Peach Tart

Peach TartIf you’re looking for an easy, elegant late-summer dessert, you’ve come to the right corner of the internet. This Peach Tart, y’all. I can’t get enough.Peach TartIt’s as beautiful as it is delicious, and much easier than pie, whether you make your own pastry or use the frozen stuff.Peach TartWhere most peach desserts are flavored with cinnamon and/or other pie spices, the fruit on this tart is prepared simply.Peach TartPeach TartPeach TartPeach TartPeach TartFresh peaches are sliced thin and tossed with lemon juice before being arranged over pastry, then sprinkled with a tiny amount of sugar and dotted with butter before baking.Peach TartThe result is this golden and gorgeous fruit-forward Peach Tart. There’s nothing to mask the flavor of the peaches because this time of year, when they’re at their peak, there’s no need.Peach Tart

Peach Tart
makes one tart, about 8-10 servings

Rough Puff Pastry:*
1 cup all-purpose flour
1/4 teaspoon Kosher or sea salt
5 ounces (10 tablespoons) unsalted European-style butter, very cold, cut into small pieces
1/4 cup water or milk, very cold

For the tart:
3-4 medium peaches, sliced very thinly
juice of 1/2 a lemon
2 tablespoons granulated sugar
2 tablespoons unsalted butter, very cold, cut into small pieces

For garnish:
sifted confectioner’s sugar

Make the pastry. In a large mixing bowl, whisk together flour and salt. Use a pastry blender or two forks to cut butter into dry ingredients until the largest pieces are the size of small peas. Pour in cold water or milk and stir with a silicone spatula or wooden spoon until a shaggy dough forms.

Flour a surface and a rolling pin. Turn dough out onto surface, and use your hands to pat it into a rough rectangle. Roll the dough into an 8×10″ rectangle. Fold dough in thirds, and give it one quarter turn. Roll into an 8×10″ rectangle again, fold, and turn. Repeat rolling, folding, and turning until it has been done six times total. Wrap folded dough in plastic wrap and refrigerate for at least one hour, or up to 48 hours.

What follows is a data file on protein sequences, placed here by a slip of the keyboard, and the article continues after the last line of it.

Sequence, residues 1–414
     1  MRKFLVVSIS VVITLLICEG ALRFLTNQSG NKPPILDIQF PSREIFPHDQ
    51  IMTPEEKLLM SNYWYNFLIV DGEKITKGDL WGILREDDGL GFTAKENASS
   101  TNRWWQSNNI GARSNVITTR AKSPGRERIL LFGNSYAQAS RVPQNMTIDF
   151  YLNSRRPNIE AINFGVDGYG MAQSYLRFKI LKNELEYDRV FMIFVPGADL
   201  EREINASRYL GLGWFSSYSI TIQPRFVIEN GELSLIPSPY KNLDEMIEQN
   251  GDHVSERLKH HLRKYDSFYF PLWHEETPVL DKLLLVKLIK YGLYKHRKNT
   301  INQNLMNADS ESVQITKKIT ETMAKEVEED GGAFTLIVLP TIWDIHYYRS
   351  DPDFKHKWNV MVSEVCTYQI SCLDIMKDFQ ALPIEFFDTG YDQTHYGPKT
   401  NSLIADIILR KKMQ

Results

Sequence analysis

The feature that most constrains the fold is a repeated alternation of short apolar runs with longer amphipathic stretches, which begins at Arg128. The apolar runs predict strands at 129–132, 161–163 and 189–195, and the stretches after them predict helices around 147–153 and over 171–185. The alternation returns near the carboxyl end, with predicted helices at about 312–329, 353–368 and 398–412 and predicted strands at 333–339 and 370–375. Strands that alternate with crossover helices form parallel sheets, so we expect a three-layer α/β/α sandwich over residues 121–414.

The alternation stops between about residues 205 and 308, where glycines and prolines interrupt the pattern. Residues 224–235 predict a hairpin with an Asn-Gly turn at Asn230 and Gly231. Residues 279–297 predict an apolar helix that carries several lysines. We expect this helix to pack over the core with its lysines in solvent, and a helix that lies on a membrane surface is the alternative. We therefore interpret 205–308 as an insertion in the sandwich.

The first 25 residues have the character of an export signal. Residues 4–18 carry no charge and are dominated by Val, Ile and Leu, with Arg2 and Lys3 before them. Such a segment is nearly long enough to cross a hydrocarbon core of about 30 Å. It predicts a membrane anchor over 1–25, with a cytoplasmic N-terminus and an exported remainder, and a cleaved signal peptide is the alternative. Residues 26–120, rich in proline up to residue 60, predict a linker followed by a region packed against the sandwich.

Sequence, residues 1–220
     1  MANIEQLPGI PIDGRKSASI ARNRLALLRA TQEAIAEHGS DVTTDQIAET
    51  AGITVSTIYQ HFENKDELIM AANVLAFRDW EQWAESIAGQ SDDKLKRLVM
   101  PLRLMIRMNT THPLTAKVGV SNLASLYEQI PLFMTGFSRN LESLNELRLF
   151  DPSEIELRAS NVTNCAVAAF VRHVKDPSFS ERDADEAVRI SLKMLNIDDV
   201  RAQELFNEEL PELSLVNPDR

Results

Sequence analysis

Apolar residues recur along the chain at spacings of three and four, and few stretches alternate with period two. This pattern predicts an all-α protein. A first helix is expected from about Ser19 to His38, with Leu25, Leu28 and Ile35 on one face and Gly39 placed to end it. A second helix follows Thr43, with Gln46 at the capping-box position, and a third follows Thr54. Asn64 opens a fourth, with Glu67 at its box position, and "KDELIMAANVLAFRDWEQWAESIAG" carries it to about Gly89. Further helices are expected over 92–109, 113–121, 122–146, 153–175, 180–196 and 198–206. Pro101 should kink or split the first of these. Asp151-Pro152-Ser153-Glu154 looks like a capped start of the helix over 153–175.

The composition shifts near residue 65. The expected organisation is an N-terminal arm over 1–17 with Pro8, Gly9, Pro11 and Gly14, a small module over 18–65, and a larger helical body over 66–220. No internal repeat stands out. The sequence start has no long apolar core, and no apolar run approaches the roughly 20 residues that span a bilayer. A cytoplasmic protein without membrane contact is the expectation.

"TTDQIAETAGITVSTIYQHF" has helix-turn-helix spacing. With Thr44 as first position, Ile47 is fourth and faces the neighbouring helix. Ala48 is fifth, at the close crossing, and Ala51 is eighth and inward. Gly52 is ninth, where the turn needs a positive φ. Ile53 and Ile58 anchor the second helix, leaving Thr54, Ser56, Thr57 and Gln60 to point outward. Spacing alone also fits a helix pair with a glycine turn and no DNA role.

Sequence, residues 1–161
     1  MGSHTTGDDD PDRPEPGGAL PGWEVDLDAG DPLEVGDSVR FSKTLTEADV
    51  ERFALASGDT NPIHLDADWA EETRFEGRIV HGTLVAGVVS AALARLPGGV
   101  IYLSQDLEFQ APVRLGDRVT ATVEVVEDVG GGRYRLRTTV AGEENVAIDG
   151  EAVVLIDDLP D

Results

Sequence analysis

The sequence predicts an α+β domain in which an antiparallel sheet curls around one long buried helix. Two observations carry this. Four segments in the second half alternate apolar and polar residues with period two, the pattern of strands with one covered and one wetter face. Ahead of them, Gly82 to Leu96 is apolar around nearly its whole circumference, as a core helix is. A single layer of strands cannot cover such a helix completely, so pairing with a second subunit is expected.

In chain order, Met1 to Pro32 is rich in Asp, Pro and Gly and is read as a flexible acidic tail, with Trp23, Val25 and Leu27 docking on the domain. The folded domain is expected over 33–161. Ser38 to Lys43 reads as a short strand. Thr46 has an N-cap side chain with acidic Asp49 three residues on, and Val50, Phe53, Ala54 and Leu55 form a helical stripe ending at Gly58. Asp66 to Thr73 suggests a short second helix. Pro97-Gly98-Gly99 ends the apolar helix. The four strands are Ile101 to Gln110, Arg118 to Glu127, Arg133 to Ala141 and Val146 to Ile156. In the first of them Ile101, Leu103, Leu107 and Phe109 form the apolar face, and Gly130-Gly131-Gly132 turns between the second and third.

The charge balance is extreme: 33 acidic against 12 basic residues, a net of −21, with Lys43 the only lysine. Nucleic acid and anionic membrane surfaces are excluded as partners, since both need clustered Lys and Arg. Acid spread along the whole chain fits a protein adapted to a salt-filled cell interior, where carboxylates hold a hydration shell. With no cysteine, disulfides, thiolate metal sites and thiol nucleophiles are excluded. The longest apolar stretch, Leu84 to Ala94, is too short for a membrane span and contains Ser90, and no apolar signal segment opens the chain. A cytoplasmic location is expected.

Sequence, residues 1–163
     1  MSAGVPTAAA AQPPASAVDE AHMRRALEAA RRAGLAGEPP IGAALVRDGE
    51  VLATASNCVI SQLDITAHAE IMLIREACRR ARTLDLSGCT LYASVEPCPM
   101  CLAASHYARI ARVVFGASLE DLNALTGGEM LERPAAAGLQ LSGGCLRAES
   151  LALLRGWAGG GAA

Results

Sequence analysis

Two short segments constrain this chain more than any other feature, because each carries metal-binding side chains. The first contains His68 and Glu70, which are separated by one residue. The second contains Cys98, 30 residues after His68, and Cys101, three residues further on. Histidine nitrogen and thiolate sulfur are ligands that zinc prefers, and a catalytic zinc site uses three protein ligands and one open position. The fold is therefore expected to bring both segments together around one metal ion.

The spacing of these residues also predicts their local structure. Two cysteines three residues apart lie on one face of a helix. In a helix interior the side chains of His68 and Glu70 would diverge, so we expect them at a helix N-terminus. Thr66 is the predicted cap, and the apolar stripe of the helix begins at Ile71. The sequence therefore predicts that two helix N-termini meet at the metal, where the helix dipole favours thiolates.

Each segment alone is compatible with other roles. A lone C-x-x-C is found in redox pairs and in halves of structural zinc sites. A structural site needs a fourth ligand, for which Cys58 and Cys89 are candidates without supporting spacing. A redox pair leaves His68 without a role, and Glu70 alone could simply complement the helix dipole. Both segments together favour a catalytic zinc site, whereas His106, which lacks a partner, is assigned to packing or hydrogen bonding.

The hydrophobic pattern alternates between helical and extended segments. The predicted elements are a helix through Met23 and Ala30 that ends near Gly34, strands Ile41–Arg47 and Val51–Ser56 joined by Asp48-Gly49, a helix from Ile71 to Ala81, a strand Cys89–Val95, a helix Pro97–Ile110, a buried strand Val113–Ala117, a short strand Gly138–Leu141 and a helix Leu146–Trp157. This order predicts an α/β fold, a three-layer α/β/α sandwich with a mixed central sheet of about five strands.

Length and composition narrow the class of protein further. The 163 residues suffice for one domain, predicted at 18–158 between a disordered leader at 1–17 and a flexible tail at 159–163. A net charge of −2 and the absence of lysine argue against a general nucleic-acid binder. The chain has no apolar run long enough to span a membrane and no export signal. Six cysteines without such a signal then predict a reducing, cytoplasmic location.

Make the tart. Place an oven rack in the center position. Preheat oven to 400F. Line a rimmed quarter-sheet pan or jelly roll pan with parchment.

Flour a surface and a rolling pin. Unfold dough. Roll dough out to 10×14-inch rectangle. Transfer dough to the prepared pan. Trim any excess overhang. Dock center of the dough with a fork. Refrigerate while you prepare the peaches.

Using a large sharp chef’s knife, slice peaches as thinly as possible, about 1/8-1/16 of an inch. Place slices in a bowl and toss with lemon juice.

Arrange slices decoratively over the crust. Scatter sugar over the top and dot with butter. Bake 28-30 minutes, until edges are puffed and golden brown. Large bubbles may form during baking. Just pop them with a fork or sharp knife.

Let tart cool completely in the pan on a rack. Use parchment to remove tart to a cutting board. Remove parchment. Sift confectioners sugar over the top. Slice into pieces. Serve immediately.

Tart is best eaten the day it’s made. Slices may be layered with wax paper or parchment and stored in an airtight container in the refrigerator for up to four days.

Note:

You may use frozen all-butter puff pastry instead. Thaw according to package directions and begin the recipe at the paragraph that begins “Make the tart.”

Peach TartPeach Tart

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Tomato & Zucchini Confit

Tomato & Zucchini ConfitThis is the last post-vacation recipe, I promise. After today, I will write about things that are not the most perfect little island off the coast of Maine. I will. But first I’m going to tell you about the easiest, fanciest-sounding (thanks, French name!) savory late summer preserve/condiment/what-have-you: Tomato & Zucchini Confit.Tomato & Zucchini ConfitUnlike the other recipes I’ve posted from our trip, this one was not part of the plan. I was sitting on the Swan’s Island Library internet porch on our second-to-last night trying to think up ways to use the last of our produce, when I saw Chanie Apfelbaum* talking about garlic confit in her Instagram Stories. When I got back to the cottage a little later, I proceeded to make confit from some grape tomatoes and zucchini that were languishing in the fridge and toss it with some red lentil pasta. And it was good. So good that we ate it again for lunch the next day. So good that it was the first thing I cooked when I got home to Brooklyn. So good that I’m here writing about it because it’s so good, you should make it.